Well-designed and implemented competency models should identify key behaviors and describe actions that demonstrate a person’s proficiency in a particular area. But there is some debate about whether competency models are helpful in today’s world.
In my experience, the success of a competency model depends greatly on how it is used. An effective competency model is realistic in expectations, specific to the organization, and empowering for current and future leaders.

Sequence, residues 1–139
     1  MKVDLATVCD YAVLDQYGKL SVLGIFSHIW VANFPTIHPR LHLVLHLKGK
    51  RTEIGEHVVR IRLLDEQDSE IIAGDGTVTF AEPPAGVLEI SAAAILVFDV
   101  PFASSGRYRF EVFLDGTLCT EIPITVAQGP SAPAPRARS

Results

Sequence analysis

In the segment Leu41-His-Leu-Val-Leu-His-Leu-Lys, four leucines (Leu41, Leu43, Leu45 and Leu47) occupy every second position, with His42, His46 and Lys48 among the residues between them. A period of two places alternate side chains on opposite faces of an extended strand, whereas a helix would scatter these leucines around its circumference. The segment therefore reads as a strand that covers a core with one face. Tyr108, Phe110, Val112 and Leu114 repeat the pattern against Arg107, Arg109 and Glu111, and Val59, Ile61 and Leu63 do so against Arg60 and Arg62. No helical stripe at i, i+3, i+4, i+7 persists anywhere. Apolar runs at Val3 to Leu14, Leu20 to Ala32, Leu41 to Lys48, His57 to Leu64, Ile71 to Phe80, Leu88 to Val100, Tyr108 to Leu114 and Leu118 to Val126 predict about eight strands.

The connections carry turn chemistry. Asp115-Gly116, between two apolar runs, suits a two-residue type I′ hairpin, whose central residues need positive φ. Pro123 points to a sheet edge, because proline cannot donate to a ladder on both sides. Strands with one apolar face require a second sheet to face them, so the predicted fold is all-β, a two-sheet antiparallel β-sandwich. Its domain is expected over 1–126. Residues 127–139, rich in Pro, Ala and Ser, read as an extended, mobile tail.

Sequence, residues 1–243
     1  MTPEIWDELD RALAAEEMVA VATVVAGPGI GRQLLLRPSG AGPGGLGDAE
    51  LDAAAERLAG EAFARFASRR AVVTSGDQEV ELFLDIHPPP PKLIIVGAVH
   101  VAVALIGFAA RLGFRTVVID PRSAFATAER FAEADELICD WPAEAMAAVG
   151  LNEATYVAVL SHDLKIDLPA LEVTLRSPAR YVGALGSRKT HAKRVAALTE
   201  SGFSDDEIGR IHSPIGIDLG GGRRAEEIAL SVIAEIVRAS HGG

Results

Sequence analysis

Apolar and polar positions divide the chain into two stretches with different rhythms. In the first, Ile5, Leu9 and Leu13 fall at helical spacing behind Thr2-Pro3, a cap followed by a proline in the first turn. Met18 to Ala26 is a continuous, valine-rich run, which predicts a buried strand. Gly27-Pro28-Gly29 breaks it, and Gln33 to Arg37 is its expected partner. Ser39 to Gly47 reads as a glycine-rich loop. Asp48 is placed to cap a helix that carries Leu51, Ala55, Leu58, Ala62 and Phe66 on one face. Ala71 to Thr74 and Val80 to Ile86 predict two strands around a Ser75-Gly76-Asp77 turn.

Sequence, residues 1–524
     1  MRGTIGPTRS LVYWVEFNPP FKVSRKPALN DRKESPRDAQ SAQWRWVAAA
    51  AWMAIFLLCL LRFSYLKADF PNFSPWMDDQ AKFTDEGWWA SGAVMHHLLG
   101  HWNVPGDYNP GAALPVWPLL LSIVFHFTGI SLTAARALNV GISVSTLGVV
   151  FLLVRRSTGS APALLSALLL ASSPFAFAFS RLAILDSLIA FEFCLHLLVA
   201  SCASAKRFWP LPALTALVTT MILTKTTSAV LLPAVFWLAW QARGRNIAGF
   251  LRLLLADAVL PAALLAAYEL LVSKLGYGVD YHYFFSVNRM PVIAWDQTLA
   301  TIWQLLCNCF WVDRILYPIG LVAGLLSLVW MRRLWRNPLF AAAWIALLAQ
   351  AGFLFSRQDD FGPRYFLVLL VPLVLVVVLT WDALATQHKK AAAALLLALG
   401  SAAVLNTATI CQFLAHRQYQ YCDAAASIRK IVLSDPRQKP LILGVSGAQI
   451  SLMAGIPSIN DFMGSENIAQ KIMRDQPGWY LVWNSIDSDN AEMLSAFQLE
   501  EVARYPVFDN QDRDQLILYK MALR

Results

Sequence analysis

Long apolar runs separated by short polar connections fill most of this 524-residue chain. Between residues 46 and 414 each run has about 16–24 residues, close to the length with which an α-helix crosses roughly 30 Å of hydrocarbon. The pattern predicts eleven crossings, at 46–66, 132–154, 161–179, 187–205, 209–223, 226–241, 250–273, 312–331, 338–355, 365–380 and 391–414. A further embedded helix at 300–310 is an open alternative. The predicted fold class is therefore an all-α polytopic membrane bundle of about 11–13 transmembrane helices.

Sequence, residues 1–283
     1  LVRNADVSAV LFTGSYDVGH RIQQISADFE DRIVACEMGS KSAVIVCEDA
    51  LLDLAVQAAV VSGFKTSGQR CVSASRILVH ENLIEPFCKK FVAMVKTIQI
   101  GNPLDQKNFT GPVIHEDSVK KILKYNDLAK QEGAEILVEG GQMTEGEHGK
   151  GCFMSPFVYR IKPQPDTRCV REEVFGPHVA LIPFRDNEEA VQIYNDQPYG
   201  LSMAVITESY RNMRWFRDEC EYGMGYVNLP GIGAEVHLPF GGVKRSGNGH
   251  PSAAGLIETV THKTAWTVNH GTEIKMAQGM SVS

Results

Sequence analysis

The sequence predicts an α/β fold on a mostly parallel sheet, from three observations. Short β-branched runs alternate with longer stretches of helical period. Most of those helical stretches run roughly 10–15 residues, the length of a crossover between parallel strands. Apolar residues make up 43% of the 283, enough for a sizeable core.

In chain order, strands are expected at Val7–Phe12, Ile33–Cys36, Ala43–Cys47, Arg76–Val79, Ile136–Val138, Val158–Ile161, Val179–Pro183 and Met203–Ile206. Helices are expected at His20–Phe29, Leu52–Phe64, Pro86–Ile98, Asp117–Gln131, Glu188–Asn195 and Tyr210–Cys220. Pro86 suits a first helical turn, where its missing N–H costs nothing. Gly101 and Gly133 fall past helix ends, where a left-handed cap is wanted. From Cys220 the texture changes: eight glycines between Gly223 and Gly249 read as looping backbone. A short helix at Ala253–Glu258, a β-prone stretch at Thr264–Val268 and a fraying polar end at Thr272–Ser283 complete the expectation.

Here are four tips for developing a competency model that delivers:
1. Align It to Your Credit Union
Don’t simply pick a model off the shelf and put it in place in your organization. Instead, select competencies that are specific to your organization. Identify what behaviors your leaders need to support the organizational strategy and mission. Establish competencies that are critical to the success of the credit union, not just those that are popular or common practice. Since functional areas should know how their work impacts organizational goals, an individual should be able to draw a connection between the value of developing within a competency and the impact it will have on his/her role, the team and the organization.
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